The professional music career is in decline.
We could start with the RIAA’s debunked statistics painting a worst-case scenario, but that only tells one side of the story.
I’d rather look at Google, the “do no evil” company and thorn in the side of the few corporations that control the majority of the US music industry.
Search terms can’t be gamed and framed the way U.S. Bureau of Labor data can… Google Trends searches are like Shakira’s hips, they don’t lie. Let’s take a look at some common terms associated with aspiring music professionals:
The search volume for music career, learn music, music business, songwriting and music sales are all noticeably down since about a decade ago. Seeing these and other terms on a downward trend paints a clear picture of a future with less professional musicians.
Who’s to blame? Depends on who pays your bills. If you’re an old school music business person, you probably blame the content-devaluing “information wants to be free” tech sector. If you’re a new school musician, you probably have a chip on your shoulder dug deep by the exploitative, self-destructing record business which is ineptly responsible for the scorched earth you have to Mad Max a music career on these days.
Before we seek blame or solutions, let’s pause for a moment to consider what this means. Back to Google Trends. What about search terms concerned with more modern, everyday music practices?
Search volume for how to remix, mashup, garageband, how to record and how to make music are on their way up. There are more “musicians”, but less of them qualify for the “professional” distinction. You might call it the “amateurization” of music. More musicians, less music careers.
This is fun, let’s take another look at the “old way” of doing things:
Yup, interest is flagging in music publishing, music job, artist management, music copyright and music law.
So there must be a huge explosion of amateur musicianship, huh?
Hmmm… less people seem to want to go the traditional route of learning guitar and song composition through formal experience in training. This would seem to jive with less musicians going pro. Also jives with all the time those damn kids play video games on their mobile phones. They probably have a much more direct relationship to music creators, right?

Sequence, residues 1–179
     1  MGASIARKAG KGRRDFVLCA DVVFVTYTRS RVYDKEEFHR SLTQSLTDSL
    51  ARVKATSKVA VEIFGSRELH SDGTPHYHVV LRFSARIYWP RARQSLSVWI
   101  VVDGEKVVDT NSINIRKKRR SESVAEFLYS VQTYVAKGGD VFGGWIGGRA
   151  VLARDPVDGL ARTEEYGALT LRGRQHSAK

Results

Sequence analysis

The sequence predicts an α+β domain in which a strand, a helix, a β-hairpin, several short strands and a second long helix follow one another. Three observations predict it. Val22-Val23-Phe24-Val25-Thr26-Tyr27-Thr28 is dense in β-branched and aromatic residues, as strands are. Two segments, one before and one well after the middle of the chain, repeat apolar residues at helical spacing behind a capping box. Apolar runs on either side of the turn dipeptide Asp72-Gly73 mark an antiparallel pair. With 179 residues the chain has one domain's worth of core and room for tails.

Wow, crowd funding is exploding in popularity — there are clearly less careers these days built on exploitation and more facilitated through patronage. And lots of people seem to be picking up the habits of aspiring music professionals (Facebook pages, merch, albums). Perhaps we’re just in a slump, and there’s a digital music baby boom waiting to happen?
Of ourse, the situation is not as simple as I paint it here with the Google Trends graphs. For one, Google search terms are very broad in both scope and depth. If Kickstarter had an IPO, that might spike traffic, despite no correlating spike in user activity. Second, statistics can tell almost any story you want them to if you know how to frame them.
I’m not here to spew propaganda. I’m here to form solutions. Can this trend be turned around? Should we even care?
On the one hand, I believe we need more of a culture of entrepreneurship among musicians. The art/business divide is increasingly one of unsustainable, apathetic detachment from reality. It’s a cultural anachronism from a time when creative work found its utility in exploitation. Put simply, we musicians could use a little entrepreneurship with our sex, drugs and rock and roll. Everyone is creative nowadays — in a sense, creativity is getting more competitive. Those with the entrepreneurial skills have more and more opportunities for exposure than those skilled only in composition, performance or recording.
On the other hand, the music industry is growing, and while huge challenges remain (largely around copyright issues), it doesn’t seem as if the music market is in a downward trend. In fact, more people are listening to more music than ever before.
I think what’s happening is clear — we’re witnessing the dawn of a new creative class and a new type of creator-consumer.
We should continue to strive to figure out ways the old guard won’t lose all the value they invested in the music world these past few decades. But royalties — so-called “mailbox money” — are like a musician Social Security system, and just as unsustainable. Old rights owners (or their heirs) who no longer create anything are bogeying the music economy pie, leaving only tiny slices left for emerging, independent artists. This is why Spotify royalties are so low. I bet they love artists and would love to pay them, after all, they’re Swedish.
The purpose of copyright is to promote the production of creative works — how is that accomplished by giving the George Gershwin Estate millions of dollars? It may be a radical concept, but I think we need to divert some of this money into funding programs for the next generation of musicians. And we clearly need shorter copyright terms.
In any case, let’s push toward patronage and leverage the creative value in all of us to protect the independent class of musicians that represent our future. We may very well live in a world with more musicians and less professionals for a long time. But that doesn’t mean music is any better or worse off. Music is always awesome no matter how much we screw up the business side.
What is happening now is a redefinition of what a musician is (which is good because none of us can agree on a definition at the moment). We’re figuring out new ways (or rediscovering pre-phonograph ways) of doing business.
But as most fans and musicians would tell you, “Who cares about definitions and business models — turn up the music!”